In the comments of my Atlantic post about the name Mary, and in a number of personal emails, people have suggested pop culture triggers for changes in name direction – like the turnaround in Emma and its eventual peak at #1 in 2002. In that year, Emma jumped 9 places, from 13th to 4th among U.S. girls. There are other examples, but I prefer a few that date back to a golden era of pop songs with women’s names in the titles.
Some hits in the 1960s did not produce name bounces (Sharona, Sherry). But in the 1970s three #1 songs produced name bounces: Maggie (from “Maggie May,” by Rod Stewart in 1971), Brandy (Looking Glass, 1972), and Angie (Rolling Stones, 1973). I added a personal favorite, Rhiannon (Fleetwood Mac, 1975).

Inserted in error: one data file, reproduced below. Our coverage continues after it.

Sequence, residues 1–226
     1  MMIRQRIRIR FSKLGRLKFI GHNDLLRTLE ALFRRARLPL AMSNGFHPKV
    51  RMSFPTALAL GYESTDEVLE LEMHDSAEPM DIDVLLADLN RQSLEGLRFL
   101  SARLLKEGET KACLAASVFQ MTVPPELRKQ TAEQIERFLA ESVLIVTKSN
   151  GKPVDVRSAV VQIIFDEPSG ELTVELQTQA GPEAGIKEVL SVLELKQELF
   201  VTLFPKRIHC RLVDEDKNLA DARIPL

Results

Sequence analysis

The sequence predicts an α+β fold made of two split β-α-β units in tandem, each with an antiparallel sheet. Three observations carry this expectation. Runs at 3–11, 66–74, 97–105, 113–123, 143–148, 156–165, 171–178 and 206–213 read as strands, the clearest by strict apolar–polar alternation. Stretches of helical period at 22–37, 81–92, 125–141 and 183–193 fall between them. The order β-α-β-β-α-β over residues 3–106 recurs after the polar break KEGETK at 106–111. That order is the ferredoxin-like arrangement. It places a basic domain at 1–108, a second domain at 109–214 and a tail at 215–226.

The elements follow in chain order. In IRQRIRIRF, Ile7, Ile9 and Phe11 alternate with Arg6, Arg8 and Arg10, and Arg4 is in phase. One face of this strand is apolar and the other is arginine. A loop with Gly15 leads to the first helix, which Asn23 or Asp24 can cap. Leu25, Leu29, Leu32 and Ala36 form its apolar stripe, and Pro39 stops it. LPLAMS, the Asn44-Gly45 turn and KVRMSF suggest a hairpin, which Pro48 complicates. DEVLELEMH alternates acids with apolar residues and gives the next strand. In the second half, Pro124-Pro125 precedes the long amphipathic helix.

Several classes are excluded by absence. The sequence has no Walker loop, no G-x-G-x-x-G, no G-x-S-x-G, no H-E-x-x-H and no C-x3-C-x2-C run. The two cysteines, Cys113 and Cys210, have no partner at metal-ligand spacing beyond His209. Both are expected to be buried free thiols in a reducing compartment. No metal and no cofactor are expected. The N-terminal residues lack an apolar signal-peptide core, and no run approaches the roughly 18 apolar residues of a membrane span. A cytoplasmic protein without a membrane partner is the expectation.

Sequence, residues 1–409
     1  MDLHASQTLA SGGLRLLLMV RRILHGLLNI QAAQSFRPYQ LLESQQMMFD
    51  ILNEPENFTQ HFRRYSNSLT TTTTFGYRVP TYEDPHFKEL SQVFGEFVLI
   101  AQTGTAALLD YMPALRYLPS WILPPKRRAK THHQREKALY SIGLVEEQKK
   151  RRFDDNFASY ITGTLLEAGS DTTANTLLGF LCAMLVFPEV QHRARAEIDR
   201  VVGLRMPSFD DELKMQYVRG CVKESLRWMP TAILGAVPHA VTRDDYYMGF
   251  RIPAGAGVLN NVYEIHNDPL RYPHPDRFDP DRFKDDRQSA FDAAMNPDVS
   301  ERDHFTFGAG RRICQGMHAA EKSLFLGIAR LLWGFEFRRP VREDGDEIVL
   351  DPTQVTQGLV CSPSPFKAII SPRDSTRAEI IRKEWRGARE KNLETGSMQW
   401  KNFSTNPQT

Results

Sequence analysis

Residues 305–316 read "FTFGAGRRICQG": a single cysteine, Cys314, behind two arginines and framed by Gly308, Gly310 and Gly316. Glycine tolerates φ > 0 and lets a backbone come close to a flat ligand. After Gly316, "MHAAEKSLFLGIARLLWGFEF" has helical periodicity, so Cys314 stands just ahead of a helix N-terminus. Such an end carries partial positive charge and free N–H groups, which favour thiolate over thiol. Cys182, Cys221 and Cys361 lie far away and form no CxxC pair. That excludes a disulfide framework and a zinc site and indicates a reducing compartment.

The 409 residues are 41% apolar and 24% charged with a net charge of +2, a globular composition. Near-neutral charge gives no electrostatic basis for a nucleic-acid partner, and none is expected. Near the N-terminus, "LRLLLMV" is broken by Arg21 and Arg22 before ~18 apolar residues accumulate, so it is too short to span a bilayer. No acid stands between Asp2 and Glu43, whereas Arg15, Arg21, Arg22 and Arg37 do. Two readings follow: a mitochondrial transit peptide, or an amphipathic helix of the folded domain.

Each of these tells a good story.
- Rhiannon and Brandy both debuted in the top 1,000 names the year they made the charts, with Brandy making a credible run for the top before collapsing in the 1990s. Rhiannon hung on as a niche name until the 2000s.
- Maggie changed direction the year of the Rod Stewart hit, reversing a long slide.
- Angie, which gained popularity in the 1950s (Angie Dickinson?) seemed to get a boost from the Stones song, but it was not long lasting (it is a breakup song, after all). I don’t know why Angie came back in the 1990s (1994 movie with Geena Davis?).
My series of posts on names is here.
The names database is here.